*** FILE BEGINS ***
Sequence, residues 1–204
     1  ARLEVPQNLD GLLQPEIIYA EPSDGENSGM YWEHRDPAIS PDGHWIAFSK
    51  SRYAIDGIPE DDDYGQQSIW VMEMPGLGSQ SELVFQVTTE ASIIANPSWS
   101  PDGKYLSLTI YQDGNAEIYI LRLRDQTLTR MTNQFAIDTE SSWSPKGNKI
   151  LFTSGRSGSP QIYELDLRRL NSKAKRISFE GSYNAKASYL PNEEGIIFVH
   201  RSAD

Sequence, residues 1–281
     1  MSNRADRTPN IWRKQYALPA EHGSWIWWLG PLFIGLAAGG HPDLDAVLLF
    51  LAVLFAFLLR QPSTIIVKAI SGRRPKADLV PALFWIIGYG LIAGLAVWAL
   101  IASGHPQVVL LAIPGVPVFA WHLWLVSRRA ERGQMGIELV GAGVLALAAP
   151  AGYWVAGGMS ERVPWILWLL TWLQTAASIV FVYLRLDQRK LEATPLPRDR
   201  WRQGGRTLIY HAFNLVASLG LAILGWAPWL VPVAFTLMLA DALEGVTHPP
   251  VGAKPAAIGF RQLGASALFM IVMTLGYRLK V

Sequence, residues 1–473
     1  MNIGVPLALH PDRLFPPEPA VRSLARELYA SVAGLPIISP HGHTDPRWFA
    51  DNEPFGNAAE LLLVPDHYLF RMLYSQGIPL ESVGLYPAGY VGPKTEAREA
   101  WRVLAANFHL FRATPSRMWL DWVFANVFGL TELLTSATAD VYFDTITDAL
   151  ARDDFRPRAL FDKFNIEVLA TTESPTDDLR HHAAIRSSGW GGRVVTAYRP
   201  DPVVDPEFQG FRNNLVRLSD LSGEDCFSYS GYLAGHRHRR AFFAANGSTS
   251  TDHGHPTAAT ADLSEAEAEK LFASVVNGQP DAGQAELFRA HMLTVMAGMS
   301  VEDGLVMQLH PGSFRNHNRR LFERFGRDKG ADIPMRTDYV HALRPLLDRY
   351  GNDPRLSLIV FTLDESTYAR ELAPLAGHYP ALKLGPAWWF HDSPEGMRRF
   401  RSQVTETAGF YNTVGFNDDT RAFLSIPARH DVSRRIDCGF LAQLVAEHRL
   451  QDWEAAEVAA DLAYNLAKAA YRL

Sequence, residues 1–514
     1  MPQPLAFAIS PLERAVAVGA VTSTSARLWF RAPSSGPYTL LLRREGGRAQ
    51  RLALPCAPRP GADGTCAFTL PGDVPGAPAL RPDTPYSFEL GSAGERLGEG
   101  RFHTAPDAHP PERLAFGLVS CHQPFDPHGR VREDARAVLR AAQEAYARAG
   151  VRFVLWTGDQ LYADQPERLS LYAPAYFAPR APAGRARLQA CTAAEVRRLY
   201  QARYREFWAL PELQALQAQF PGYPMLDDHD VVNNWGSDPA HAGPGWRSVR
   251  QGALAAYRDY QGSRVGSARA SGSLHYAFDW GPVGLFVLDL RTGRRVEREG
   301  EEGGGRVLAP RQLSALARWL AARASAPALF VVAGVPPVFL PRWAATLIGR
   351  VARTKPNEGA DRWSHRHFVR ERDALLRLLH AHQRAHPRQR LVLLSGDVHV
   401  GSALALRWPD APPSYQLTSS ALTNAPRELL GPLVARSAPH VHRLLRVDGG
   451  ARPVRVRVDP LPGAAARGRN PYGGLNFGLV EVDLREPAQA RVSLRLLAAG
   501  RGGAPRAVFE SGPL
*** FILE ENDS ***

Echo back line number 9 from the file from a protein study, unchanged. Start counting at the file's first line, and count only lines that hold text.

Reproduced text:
    51  LAVLFAFLLR QPSTIIVKAI SGRRPKADLV PALFWIIGYG LIAGLAVWAL